Free pill-testing kits will flood Sydney’s music festivals this summer, despite Mike Baird refusing to formally implement the harm minimisation measure.
Fed up with the government’s “unrealistic” zero-tolerance approach, drug reformists are taking matters into their own hands by vowing to hand out do-it-yourself drug-testing kits in what they have called a “protest manoeuvre”.
The kits are the same as the ‘presumptive tests’ used by police to identify the presence of particular types of drugs. However, the rudimentary kits cannot confirm purity levels or the presence of many dangerous cutting agents.
Experts fear the worst
As we sit on the brink of summer – the season for schoolies, Christmas, New Year, Australia day and an endless stream of music festivals – paramedics and hospital emergency department staff are gearing up for what they fear will be one of the deadliest seasons in Australian history.
On the same weekend that Victorian Footballer Riki Stephens took the dangerous drug that would kill him less than a week later, 16 other people on the Gold Coast were hospitalised after reactions to what they thought was ecstasy.
Originally Police suspected that the drug they had all ingested was the so-called zombie drug ‘flakka’, but subsequent toxicology reports told a different story, indicating a cocktail of MDMA and a synthetic version of LSD known as ‘N-BOMe’ or N-Bomb.
And just two weeks after Riki Stevens’ family turned off his life support system, several people collapsed at the Horror Mansion Halloween Party at Moore Park.
One patient was making bizarre facial expressions as he was strapped to a stretcher and wheeled out and into a waiting ambulance. NSW Police went on to arrest at least 20 people for drug possession, with the drug GBH being suspected.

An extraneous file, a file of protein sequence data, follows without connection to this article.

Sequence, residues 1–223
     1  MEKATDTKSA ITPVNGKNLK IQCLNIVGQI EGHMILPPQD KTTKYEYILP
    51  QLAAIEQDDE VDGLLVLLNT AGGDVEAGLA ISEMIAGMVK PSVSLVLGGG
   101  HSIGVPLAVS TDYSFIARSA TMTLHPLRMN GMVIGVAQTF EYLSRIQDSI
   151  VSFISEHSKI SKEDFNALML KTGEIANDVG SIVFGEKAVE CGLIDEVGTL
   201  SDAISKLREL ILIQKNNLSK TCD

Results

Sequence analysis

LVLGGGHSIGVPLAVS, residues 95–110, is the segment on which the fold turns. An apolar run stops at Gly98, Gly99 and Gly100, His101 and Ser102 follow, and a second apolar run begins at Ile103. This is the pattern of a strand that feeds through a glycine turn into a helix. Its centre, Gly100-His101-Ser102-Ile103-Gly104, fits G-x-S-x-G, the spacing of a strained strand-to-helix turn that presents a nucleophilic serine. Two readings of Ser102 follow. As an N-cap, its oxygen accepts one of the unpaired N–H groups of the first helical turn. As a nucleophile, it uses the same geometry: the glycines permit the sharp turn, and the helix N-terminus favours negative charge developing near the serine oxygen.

If the past couple of months are anything to go by, it’s possible many more Australians could lose their lives before the end of summer. And it’s not just flakka, NBOMe and GBH concerning our emergency services workers. They are also bracing themselves for having to deal with the adverse effects of super strength ecstasy and illicit versions of the drug Fentanyl.
Those who deal first-hand with the adverse effects of illegal drugs believe our ‘zero-tolerance’ stance is costing young people their lives.
Harm minimisation advocate Dr David Caldicott says, “Pill testing reduces consumption by 60 per cent at the point of consumption.”
Pill testing is routinely used in a number of European countries, providing information about the composition of drugs within just 30 minutes, and creating an opportunity to educate users about potential dangers.
But despite widespread support for pill testing, it appears that politicians like Mr Baird will continue to oppose the measure for fear of appearing ‘soft on crime’.